Tuesday, September 26, 2006

Sony LCD Rear Projection, KDFEA10 Calibrations

I recently had the opportunity to calibrate 2 different Sony KDFEA10 LCD RP sets, a 50 inch and a 42 inch. These are excellent values for 720p HDTVs. They are discontinued now but many dealers still have them in stock. They have 2 component inputs and 1 HDMI input like other TVs of this type. Calibration is through the service menu and is global for all inputs. Grayscale can be set very precisely to track within 150k of D65. To adjust the color decoder, there is a "color axis" setting. This appears to rotate the gamut almost like a clock. There are about 50 different settings. I used the color analyzer to find the most accurate one. Once the grayscale and decoder is set, final tweaks are done with the iris controls. This varies the black level enough to affect the grayscale so I had to compromise to keep each input close to spec. In the end, I left the iris on its minimum setting for the component inputs and medium for HDMI. I also set different parameters for Black Corrector, Gamma and Advanced Iris to adjust for the grayscale shift through HDMI.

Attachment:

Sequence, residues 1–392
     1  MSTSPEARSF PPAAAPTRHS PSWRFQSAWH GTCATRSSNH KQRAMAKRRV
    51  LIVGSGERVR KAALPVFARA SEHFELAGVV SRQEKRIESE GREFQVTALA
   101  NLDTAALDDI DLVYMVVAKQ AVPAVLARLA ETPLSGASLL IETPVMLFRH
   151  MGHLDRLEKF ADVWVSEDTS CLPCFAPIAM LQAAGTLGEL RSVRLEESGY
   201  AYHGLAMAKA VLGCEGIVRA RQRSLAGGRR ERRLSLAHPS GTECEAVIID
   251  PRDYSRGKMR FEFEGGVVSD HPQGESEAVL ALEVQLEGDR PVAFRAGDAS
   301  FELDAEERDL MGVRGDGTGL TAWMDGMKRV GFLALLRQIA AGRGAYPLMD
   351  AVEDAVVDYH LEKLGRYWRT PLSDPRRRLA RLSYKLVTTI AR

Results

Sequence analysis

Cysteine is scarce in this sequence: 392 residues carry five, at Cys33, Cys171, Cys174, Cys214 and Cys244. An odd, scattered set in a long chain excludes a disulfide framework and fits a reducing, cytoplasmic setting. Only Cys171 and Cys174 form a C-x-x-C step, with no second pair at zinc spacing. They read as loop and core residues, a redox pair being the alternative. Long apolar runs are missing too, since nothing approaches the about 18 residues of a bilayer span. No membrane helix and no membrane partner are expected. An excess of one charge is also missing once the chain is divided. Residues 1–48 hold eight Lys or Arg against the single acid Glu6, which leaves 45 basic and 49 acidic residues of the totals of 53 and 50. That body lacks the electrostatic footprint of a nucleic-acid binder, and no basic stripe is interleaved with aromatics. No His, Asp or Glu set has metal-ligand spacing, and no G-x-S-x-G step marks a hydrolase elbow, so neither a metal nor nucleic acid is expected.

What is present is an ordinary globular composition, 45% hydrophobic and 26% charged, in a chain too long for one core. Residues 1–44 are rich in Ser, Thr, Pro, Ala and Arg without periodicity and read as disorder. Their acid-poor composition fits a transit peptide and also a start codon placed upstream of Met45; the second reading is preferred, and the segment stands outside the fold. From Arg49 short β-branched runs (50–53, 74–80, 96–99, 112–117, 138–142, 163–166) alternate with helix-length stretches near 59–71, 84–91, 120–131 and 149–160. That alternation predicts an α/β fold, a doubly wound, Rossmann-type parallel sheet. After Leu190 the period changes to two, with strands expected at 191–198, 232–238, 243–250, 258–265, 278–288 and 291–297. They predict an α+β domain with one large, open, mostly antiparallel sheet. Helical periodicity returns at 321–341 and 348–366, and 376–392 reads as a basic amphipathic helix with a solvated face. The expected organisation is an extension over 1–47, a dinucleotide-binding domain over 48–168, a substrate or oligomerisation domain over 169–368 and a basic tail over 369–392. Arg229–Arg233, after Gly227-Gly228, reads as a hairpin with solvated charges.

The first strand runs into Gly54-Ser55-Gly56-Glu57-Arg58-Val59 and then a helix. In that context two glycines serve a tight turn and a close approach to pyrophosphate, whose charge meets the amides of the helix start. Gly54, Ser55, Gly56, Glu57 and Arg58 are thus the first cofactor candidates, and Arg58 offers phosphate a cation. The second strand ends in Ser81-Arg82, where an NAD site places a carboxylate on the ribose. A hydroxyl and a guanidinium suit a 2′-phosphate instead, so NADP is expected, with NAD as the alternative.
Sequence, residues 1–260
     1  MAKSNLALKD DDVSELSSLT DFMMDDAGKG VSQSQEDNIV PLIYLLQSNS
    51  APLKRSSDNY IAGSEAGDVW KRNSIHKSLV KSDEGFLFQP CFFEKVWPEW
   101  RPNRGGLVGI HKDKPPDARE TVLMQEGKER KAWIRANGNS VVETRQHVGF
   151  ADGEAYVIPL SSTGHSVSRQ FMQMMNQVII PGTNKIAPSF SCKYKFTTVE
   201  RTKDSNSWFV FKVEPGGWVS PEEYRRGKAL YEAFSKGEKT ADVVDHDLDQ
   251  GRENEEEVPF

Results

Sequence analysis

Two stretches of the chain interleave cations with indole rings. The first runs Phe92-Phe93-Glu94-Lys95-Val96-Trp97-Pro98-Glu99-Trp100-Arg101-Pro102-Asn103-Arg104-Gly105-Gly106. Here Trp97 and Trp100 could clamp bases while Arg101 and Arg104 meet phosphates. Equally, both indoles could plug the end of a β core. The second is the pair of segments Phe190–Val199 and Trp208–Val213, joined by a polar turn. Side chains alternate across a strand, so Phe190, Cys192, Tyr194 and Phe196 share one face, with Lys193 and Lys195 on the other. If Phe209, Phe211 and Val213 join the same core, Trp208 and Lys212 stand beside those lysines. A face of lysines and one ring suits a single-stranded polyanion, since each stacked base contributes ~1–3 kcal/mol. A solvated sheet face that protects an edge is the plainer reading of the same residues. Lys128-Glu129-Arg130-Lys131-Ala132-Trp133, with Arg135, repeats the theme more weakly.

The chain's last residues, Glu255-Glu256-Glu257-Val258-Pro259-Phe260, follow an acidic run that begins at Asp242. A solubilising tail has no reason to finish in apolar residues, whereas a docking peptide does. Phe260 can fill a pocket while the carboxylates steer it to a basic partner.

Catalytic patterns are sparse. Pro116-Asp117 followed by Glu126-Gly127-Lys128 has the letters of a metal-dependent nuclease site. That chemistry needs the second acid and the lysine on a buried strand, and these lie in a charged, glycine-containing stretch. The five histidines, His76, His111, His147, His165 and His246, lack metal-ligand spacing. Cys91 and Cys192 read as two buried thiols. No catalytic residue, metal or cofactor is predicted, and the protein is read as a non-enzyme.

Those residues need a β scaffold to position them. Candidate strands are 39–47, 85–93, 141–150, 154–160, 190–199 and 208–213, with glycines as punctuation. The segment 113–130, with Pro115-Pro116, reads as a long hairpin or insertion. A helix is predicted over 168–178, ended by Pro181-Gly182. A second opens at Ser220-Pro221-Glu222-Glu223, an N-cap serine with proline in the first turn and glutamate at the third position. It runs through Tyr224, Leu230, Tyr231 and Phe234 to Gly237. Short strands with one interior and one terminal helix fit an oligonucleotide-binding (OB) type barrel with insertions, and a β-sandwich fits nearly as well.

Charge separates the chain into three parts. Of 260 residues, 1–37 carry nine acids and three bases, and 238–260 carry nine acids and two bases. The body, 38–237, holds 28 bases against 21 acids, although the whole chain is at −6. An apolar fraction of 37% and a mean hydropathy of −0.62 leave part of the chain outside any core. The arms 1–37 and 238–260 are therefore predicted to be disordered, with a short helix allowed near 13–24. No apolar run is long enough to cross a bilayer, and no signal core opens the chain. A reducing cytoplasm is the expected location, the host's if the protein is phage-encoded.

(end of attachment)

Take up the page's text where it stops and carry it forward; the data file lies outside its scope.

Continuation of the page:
This TV was fairly difficult to work on because all the settings were interacting with each other. Luckily, the service and user menus are accessible at the same time. I went back and forth for quite awhile to get the results I wanted. I wound up with a great looking TV when I was finally done. I wish I could hide that awful Vivid picture mode. It's so bright and blue it's painful! Once you've become accustomed to a calibrated image, Vivid is downright offensive!

I still see these sets for sale at the big box stores. The prices are quite low. They're probably one of the best bargains for an HDTV right now. Even after adding the price of a calibration, you've still got a 50 inch HDTV for under $2000.

Tuesday, September 19, 2006

Sony XBR960 CRT Calibration